Linguistic philosophers

Question 6:

 How could words come to acquire their senses? If there were no 

Language users would there still be senses?

Frege bases his argument on the basis of senses when analyzing content. In other words, conceptual analysis entails studying the sense of concepts. Frege asserts that sense has to do with the thought associated to a word and that sense is what differentiates words that have the same referent points. He explains that the sense entails how an object is perceived and the mode in which the object is approached. In other words, the sense of a sentence refers to the thought associated with a sentence (Kemp 23). Frege also puts emphasis on singular terms having both meaning and referent points for them to bring about sense. Frege associates the aspect of meaning on sense such that the presence of meaning of referent point gives a term or sentence sense. The sense of a term refers to a situation that an object needs to satisfy to become the referent point of the associated term (Kemp 23). The condition in this case is what gives words their meanings. The view brings into perspective the truth value of a sentence. The perspective is associated with the fact that there exists an element that is caused by the referent points of the associated parts in a sentence.  Frege asserts that the true-value of a sentence is a sentences’ referent point. With reference to the principle of compositionality, a word acquires sense when in condition that determines its reference point. In other words, a sentence is perceived to exhibit sense when the associated condition makes it true. In a more general perspective, Frege emphasizes that sense has to do with the thought accorded to a sentence for a sentence to have a referent point or meaning. For words or language to facilitate the communication process such that the involved parties understand each other, they have to contain sense that brings about their meaning (Kemp 23).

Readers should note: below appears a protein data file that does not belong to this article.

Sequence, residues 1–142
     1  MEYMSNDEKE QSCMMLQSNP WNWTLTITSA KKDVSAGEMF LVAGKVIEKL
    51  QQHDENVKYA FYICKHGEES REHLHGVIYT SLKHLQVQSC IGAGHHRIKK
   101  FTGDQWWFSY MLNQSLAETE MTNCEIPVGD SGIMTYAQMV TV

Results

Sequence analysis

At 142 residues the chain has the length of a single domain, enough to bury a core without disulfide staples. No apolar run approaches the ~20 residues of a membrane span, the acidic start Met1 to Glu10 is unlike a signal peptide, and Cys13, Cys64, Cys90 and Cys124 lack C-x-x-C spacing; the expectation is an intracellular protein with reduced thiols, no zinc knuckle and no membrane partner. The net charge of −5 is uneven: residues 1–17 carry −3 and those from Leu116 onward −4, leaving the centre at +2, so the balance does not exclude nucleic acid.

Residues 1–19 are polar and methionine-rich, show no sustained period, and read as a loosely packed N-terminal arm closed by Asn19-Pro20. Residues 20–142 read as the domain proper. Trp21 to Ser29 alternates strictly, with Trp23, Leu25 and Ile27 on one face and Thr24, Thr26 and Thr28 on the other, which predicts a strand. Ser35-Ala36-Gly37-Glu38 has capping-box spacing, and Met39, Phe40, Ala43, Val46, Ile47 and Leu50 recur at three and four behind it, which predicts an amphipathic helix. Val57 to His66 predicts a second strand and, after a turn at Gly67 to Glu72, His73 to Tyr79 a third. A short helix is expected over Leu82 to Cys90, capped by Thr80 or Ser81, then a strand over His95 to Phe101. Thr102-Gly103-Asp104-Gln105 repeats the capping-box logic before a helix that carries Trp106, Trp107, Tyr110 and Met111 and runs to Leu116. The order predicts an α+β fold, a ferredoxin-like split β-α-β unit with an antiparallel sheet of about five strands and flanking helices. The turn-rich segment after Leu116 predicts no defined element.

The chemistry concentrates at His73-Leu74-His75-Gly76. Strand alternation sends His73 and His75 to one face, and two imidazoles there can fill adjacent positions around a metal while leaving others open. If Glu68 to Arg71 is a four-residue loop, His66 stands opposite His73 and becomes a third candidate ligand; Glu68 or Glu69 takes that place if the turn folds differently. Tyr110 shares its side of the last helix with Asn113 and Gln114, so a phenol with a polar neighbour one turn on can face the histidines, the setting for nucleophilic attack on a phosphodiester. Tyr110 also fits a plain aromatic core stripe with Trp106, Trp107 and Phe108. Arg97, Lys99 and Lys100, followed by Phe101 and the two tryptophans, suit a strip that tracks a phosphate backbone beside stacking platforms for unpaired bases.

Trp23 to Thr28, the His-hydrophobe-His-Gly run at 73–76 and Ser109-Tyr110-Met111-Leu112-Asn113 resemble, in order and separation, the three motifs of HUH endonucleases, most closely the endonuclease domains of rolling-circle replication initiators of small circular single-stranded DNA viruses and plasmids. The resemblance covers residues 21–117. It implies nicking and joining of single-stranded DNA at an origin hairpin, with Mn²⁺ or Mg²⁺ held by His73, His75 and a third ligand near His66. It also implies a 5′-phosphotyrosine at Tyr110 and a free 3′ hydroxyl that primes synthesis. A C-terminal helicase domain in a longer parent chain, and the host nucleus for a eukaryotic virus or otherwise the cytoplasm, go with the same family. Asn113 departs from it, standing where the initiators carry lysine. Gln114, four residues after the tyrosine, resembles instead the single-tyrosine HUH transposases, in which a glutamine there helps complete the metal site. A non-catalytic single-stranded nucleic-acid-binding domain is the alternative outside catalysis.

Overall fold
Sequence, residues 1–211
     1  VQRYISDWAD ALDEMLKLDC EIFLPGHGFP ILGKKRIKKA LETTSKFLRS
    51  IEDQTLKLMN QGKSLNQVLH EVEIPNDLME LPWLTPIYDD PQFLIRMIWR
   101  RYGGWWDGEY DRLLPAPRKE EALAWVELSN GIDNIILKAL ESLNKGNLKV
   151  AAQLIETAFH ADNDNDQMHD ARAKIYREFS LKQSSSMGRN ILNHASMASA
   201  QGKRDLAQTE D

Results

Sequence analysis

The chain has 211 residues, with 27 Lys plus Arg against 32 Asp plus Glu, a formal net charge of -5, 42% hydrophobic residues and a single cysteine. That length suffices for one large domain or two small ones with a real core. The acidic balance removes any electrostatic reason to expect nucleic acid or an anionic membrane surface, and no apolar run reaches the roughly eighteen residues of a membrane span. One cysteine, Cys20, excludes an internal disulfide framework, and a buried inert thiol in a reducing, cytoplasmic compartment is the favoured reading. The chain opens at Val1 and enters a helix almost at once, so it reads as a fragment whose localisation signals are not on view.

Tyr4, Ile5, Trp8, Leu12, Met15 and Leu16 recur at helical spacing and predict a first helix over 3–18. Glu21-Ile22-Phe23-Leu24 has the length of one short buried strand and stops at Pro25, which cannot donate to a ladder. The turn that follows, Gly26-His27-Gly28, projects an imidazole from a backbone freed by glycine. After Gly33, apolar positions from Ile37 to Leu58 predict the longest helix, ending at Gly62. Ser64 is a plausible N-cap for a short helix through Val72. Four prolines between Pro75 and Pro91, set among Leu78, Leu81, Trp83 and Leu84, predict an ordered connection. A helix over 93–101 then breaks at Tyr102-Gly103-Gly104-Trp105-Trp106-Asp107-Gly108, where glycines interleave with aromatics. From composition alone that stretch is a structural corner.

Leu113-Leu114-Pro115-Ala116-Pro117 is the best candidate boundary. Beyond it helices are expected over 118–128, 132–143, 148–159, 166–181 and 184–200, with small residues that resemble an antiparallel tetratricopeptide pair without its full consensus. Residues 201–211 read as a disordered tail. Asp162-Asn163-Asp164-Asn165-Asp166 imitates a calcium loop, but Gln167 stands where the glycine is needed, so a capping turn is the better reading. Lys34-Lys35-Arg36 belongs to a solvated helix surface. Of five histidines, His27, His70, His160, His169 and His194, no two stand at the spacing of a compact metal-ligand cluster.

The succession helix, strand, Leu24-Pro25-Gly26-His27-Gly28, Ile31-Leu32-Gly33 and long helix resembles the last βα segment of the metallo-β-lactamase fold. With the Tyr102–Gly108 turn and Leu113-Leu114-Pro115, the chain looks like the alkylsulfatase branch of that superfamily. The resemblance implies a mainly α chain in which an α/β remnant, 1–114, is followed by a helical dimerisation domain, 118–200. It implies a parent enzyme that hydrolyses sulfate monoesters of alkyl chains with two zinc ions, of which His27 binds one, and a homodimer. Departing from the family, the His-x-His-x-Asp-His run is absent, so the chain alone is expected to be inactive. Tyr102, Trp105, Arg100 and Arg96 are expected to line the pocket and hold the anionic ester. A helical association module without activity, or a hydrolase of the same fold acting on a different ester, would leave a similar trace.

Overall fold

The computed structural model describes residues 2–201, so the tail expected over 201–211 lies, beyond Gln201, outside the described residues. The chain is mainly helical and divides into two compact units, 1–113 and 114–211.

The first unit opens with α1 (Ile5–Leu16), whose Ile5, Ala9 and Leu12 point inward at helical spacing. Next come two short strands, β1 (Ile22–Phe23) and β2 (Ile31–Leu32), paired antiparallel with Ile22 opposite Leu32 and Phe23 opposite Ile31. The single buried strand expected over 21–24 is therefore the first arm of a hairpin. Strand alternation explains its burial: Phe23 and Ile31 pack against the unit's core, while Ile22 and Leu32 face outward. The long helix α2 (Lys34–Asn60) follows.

If there were no language-users, it is quite impossible for sense to exist. As stated earlier, the sense of a sentence refers to the thought associated with a sentence. For the thought to occur, a mental output has to be involved such that meaning is accorded to the words. Also, for the mental output to take place, the users of language have to exist. In other words, certain factors have to be present for words to exist and for language to make sense and hence, there would be no senses if the language-users were not present. The absence of the thought process such that sense is not associated, would result in a meaningless communication process such that the end result would be complete confusion (Kemp 30). 

Work Cited

Kemp, Gary. “What is this thing called Philosophy of Language?”. New York: Routledge, 2013. Print.

sheldon